order is in itself a punishment either
of the innocent or of the guilty. A
discharge would be an utterly inade
quate punishment for those who are
guilty whether of committing the mur
der, or of withholding or suppressing
evidence which would disclose the
perpetrators of such a crime.
"But it is said that the order forbids
re-entry by the discharged men into
the army or navy or civil service, and
this is a penalty. When an employe
is discharged for the good of the ser
vice, it naturally follows that he can
not be taken back, and the president
in formally stating this result is not
imposing a penalty in the proper sense
of the term. He is only laying down a
rule of ineligibility for the service
with respect to which it is his execu
tive duty to prescribe the rules of ad
mission. Should hereafter facts be
disclosed, or a new state of facts arise
from which it can be inferred that the
public service will suffer no detriment
from re-entry of any one of these men
into the service, his ineligibility can
beremoved by a mere executive order.
"The suggestion made in some quar
ters that this battalion has" been
treated In this way simply because
the men are colored hardly merits
VOLUME C, NUMBER
notice. Tha r. ... ,. .
the racial feeling ron ?0T m
them and the MzeTL"
toay have been the L. 0Wn3vllle
nlshed the motivebut certain?
a justification, for the Tnlo? ty not
men, women and children- but Tit
extent only in explanation of tKr
cumstances is the fact of thJ ?r'
at all relevant." heIr color
TALKING BY WIRE
Three-fourths of the wire mileaR0
of the country is used by telonC?
and two-thirds of the waS Tfi
operation of wire mileage is pad by
the telephone companies.
fvJ? numb?!; of messages reported
for the year 1902-and, mind you, that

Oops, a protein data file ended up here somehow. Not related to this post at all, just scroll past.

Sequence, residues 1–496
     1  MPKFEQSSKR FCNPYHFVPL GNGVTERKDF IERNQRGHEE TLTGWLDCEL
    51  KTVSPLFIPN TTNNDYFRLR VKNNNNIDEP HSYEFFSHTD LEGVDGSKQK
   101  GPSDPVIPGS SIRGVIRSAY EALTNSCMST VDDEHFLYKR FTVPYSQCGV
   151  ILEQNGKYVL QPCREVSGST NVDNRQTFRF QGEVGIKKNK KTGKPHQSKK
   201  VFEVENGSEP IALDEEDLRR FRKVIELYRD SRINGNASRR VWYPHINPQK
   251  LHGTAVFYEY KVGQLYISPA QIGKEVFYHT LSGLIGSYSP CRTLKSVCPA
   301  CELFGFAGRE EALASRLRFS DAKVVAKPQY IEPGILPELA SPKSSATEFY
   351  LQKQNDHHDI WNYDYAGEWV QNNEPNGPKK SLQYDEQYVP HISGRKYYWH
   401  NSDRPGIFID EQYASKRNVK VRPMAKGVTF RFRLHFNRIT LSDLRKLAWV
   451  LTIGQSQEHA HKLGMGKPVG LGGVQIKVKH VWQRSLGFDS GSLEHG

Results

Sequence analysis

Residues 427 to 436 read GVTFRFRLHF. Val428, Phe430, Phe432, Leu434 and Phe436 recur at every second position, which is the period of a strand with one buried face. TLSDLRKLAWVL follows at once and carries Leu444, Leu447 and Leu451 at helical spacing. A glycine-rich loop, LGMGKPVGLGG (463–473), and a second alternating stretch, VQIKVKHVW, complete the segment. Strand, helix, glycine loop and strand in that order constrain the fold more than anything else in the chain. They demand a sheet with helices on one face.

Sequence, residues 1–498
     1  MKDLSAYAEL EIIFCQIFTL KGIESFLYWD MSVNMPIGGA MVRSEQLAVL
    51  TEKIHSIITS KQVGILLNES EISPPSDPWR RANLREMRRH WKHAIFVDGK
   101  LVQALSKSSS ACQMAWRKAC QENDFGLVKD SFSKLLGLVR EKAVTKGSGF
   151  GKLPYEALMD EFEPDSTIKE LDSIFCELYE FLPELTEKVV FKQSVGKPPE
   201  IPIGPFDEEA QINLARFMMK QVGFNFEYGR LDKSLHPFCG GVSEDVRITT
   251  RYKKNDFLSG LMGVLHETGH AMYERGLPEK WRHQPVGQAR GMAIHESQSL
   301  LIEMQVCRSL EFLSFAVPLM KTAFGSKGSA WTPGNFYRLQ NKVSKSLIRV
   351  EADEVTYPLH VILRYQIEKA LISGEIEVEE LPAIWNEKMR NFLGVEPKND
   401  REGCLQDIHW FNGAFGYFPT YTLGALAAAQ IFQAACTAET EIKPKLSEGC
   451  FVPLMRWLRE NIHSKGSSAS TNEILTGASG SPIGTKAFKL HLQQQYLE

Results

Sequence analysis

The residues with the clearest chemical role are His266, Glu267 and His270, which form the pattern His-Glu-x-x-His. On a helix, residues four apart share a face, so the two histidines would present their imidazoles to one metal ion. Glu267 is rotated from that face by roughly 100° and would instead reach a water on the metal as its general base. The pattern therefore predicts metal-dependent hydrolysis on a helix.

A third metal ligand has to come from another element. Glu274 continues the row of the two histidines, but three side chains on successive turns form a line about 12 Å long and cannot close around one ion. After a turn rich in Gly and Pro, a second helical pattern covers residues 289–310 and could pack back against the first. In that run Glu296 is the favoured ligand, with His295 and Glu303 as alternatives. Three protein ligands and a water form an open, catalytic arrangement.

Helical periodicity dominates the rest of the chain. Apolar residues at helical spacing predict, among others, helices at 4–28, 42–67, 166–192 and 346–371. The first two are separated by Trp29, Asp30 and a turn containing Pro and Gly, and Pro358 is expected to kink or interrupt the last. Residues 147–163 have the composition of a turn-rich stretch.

was four years ago and the wave of
wire talking" has increased rapidlv
since then makes a nice total of
over $5,000,000,000. Ohio leads in tho
number of messages, with 558,707,801,
and Illinois comes next in the talk
traffic, with 541,161,932, but Pennsyl
vania, with 493,417,718, is a close
third. Strange to say, New York has
but 300,098,123. A little figure at tho
bottom of the report revealed the fact
that there are 684 railroads in the
United States having telegraph or
telephone lines, these being all dis
tinct railroad corporations in name,
It is estimated that the above fig
ures will probably be more than
doubled before the nex,t census, and it
looks as though the talk wave might
be regarded as pretty certain evidence
of prosperous times. National Magazine.
Sure of Her Consent
She You say you are going to mar
He Yes, dear.
"She Bui; you're not sure that I'll
He Oh, well, I'm going to tele
phone your father tomorrow. I guess
he'll give his consent. Yonkers
SECURED OR FEE
Free report an to Patentability, Illustrated Guld
Book, and List of Inventions Wanted, sent free.
EVANS, WILKENS & CO.,Washlngton,D.C
FOR XMAS" Tropical Fruits, plantation picked,
preserved and packed. Banana Figs, 25c package.
Tropical Food Co., Koy West, Fla.
Subscrlbirs1 Advertising Department
This department Is for the exclu
sive use of Commoner subscribers,'
and a special rate of six cents a
word per insertion the lowest rato
has been made for them. Address
all communications to The Com
moner, Lincoln, Nebraska.
THE LITTLE HOTEL WILMOf
close by the Pennsylvania Station in Phil
adelphia has a number of llrst-rate rooms at $1
a day. The Commoner is always on file.
for list and booklet.
T. A. Bnggett
ri A R M S. L. A BELL, CORTLAND,
- . Ohio.
FOR $1.00 WE MAIL POSTPAID. 4 OALI
fornia Grape Vines, largest sorts, includ
Inpr Seedless Raisin, Flamintr Tokay, Black Mo
rocco, Red Emperor. , We tell how to trrow
them in any climate. - Fresno Nursery Co., Box
43. Fresno. California.
INVESTMENTS 1700 ACRES CHOICE
bottom land, $0.25 per acre, life time
chance. Geo. W. Register, Poplar Bluff. Mo.
TTIOR SALE CHOICE 80 ACRES. EIGHT
J- miles east of Lincoln, well Improved.
Price $100 per acre. Address I. J. Holland.
Lincoln, Nebr., or call at residence 43rd and
GREER COUNTY, OKLAHOMA, HAS
, experienced a crop failure in twenty
years. Bier crops corn, cotton, alfalfa, cane,
sorghum, wheat, oats, rye, millet, maize, kafflr
corn, fruits. Sun shines three hundred days in
year. Malaria and pulmonary diseases un
aY0, i!anns and business openings for sale.
Addison HaU, Granite, Oklahoma.
MUSIC TEACHERS, PUBLIC AND PRI
yate. We have a new system of inesti
mable value to the profession. Address, A. S.
S. M. No. 6, 28 Cheshire St., Clev eland, O.
i IS ui iMH